Santa Monica, Ca - April 7, 2015. A Dungeness crab is weighed for sale at a seafood store.
Photography by Bob Berg Getty Images
By Dan Mitchell
December 18, 2015

A toxic algae bloom is shutting down crabbing along vast swaths of the West Coast. And the economic effects are reaching much farther than that.

Not only are fishers harmed, but also processors, truckers, wholesalers, and retailers. And while the bloom might be dissipating now, it has already damaged the West Coast’s fishing industry (and not just crabbing), and next year might be even worse.

The algae bloom is the worst of its kind ever recorded off the California coast. It is most likely caused by this year’s record-breaking ocean temperatures in the Pacific, which are almost certainly due to the El Nino weather pattern that is now bringing rains to the drought-parched West Coast, and unseasonably warm temperatures to other areas of the country.

The algae produces a toxin — domoic acid — that makes its way into the tissues of Dungeness crab and other bi-valve creatures. It can cause serious illness in humans, and can even be lethal. For that reason, the commercial crabbing season, which had been set to begin on Nov. 15, has been delayed. The Dungeness crab industry in California generated about $59 million in sales in the 2013-2014 season.

Crab fishers are the hardest hit this year, of course, but processors are taking some losses, too. That’s not only because they can’t process Dungeness crab, but because some consumers are wary of eating any seafood from the Pacific, even though the products on the shelves are just as safe as ever. “Initially, people thought, ‘oh, the water is bad,’ and were nervous” about buying any fish, says Julie Orton, chief financial officer for All Seas Wholesale, a San Francisco seafood processor. Sales flagged for a while, but they’re picking back up now, she said, as people come to learn that only certain species are affected.

All Seas, like most other processors, is well-diversified. That protects the operators from the effects of any one species being pulled from the market. But Dungeness crab is a big seller, especially in season, when people in Northern California and the Pacific Northwest gobble down crab at holiday parties put on “crab feeds” — a tradition akin to the community corn boils and fish frys found in other parts of the country. Many crab feeds double as fundraisers for various causes, so there’s another ripple effect from the algae bloom.

It’s not that Dungeness crab is unavailable — it’s just more expensive and harder to find. Californians are relying largely on crab caught up the coast — even as far as Alaska. As winter comes on, and the ocean cools, California fishers will be able to get back to work. But for now, nobody knows when that will be.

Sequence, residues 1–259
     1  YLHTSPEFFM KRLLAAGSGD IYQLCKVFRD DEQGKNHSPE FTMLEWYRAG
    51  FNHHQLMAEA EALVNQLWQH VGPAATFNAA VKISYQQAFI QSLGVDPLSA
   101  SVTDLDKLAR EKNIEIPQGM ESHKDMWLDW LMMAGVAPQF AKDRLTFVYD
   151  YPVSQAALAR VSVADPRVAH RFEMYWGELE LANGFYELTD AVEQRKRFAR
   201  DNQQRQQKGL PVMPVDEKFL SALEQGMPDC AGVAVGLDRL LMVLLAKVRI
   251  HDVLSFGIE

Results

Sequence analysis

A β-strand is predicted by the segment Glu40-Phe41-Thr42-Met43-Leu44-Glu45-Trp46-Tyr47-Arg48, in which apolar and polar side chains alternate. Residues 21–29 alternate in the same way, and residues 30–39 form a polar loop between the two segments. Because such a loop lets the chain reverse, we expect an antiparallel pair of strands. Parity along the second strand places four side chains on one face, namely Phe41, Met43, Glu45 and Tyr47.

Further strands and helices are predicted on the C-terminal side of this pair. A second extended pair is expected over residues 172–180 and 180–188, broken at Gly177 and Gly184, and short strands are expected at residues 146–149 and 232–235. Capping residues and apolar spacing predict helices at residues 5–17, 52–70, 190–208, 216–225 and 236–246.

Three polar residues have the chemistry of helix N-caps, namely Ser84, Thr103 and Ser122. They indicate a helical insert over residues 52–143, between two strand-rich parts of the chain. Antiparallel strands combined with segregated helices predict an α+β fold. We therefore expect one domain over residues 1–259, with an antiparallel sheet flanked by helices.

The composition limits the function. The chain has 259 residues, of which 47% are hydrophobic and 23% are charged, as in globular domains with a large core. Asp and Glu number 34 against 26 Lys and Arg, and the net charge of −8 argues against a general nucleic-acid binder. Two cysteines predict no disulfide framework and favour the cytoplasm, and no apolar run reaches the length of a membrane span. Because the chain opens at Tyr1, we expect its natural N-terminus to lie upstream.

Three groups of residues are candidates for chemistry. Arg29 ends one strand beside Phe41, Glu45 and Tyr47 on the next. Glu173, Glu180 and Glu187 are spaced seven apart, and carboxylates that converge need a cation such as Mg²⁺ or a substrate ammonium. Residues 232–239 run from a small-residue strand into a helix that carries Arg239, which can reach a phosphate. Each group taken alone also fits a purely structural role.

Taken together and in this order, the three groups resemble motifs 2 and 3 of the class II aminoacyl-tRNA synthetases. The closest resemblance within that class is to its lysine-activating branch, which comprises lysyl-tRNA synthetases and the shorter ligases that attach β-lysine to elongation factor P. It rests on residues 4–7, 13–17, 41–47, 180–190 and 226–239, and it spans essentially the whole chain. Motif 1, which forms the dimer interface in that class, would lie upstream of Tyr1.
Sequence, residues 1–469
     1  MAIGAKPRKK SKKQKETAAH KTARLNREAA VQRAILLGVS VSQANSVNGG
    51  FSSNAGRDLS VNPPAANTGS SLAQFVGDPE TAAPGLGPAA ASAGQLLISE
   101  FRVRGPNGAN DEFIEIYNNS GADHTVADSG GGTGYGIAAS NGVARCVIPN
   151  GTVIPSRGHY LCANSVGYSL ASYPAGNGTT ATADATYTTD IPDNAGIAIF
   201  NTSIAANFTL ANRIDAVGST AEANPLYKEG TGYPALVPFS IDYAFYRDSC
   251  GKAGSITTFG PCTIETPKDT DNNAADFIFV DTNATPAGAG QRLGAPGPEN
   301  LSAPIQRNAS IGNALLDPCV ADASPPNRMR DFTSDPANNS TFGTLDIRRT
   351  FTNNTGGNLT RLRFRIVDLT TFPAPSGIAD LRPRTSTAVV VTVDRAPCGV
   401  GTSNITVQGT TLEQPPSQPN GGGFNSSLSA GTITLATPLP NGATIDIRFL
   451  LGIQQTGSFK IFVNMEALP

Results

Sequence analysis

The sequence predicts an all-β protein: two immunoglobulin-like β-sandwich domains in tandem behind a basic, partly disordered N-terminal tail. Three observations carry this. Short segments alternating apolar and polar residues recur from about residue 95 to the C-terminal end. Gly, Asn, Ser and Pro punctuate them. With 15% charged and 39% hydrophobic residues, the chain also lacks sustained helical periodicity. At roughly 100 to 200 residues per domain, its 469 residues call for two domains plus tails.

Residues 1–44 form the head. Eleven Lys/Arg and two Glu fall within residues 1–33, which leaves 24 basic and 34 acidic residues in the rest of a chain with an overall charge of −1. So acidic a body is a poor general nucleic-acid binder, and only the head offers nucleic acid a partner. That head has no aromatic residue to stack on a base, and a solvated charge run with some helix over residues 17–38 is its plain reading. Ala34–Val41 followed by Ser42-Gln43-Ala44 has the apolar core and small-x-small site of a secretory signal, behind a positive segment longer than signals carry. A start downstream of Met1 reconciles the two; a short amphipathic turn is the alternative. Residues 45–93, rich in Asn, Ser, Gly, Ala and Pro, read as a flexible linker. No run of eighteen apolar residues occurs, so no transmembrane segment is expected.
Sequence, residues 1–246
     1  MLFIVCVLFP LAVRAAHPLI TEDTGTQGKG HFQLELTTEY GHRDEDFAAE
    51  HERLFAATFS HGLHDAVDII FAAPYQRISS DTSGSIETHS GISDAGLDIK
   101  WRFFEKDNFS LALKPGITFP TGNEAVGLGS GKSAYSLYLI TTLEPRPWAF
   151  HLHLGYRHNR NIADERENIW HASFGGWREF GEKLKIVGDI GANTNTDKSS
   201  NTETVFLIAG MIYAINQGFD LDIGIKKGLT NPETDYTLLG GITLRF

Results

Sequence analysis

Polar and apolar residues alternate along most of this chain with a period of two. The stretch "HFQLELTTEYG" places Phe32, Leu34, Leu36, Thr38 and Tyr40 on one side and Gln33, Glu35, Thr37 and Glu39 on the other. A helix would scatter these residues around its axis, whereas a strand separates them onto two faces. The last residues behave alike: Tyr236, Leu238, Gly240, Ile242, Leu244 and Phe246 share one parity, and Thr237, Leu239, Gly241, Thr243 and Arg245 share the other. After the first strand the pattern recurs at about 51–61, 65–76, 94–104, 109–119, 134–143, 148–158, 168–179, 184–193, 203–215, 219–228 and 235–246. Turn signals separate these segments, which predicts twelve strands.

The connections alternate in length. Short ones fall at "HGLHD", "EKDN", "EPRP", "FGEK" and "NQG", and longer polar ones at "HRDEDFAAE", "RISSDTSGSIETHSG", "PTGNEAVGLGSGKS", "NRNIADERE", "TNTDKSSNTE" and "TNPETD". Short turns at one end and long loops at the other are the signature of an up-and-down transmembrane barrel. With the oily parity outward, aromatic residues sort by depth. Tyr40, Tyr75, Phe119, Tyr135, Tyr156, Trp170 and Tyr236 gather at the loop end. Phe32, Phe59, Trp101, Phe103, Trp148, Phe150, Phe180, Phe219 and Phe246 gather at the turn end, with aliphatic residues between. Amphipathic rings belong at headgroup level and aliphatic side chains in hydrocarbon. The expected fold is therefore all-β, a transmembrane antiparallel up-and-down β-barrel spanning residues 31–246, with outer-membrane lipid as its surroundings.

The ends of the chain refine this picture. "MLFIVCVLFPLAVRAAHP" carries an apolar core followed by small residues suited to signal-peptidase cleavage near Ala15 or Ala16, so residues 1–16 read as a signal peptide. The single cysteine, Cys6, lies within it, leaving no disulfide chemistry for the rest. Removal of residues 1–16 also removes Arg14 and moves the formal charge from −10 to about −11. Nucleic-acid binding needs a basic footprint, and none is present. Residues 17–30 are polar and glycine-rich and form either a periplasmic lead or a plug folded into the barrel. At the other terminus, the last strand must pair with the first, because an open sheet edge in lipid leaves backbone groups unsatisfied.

The toxic bloom comes at a time when California Dungeness crab is actually becoming a hot export item. Despite the fact that it’s “extremely expensive to ship” the product (it must remain frozen), the demand in China and elsewhere is such that it’s worth the cost to do so, says professor Steven C. Hackett, who chairs the economics department at Humboldt State University in Northern California, and who specializes in the economics of fisheries. “It’s actually become a luxury good.”

Despite rising demand, the market for Dungeness tends to fluctuate rather wildly, even in the absence of environmental problems. Last season, about $59 million in California Dungeness crab was sold, according to the California Ocean Protection Council. Four years ago, that figure was $95 million. The average for the decade leading up to 2011 was about $30 million. Meanwhile, the West Coast fishing industry as a whole is reeling from a historic drought. It is into this already uncertain market that the algae bloom has spread. There are fishing bans in parts of Washington and Oregon as well.

And it could get worse. Often, the year following an El Nino produces even bigger algae blooms. Is is “quite possible that next year will be another big bloom year and possibly just as toxic or more toxic, Raphael Kudela, a professor of ocean sciences at the University of California, Santa Cruz, told Bloomberg News last month. “So, at that point, three years in a row, it starts to become the new normal.”

That’s far from guaranteed, however. Big algae blooms have emerged in years unrelated to El Nino. And not every El Nino brings algae blooms.

El Nino aside, however, some scientists are warning that such problems will become the “new normal,” thanks to climate change. The research on this particular question is far from certain at this point, but the oceans have been warming, and warmer oceans tend to create more blooms.

For the moment, though, the industry is fixated on the short term. The holiday crab season begins on Thanksgiving and runs through Christmas, New Year’s, and the Super Bowl. “We missed the first, we will likely miss the second, and so the hope is for those last two holidays,” says Hackett, of Humboldt State. “Otherwise I assume much of the catch will be frozen and sold at a later date.”

 

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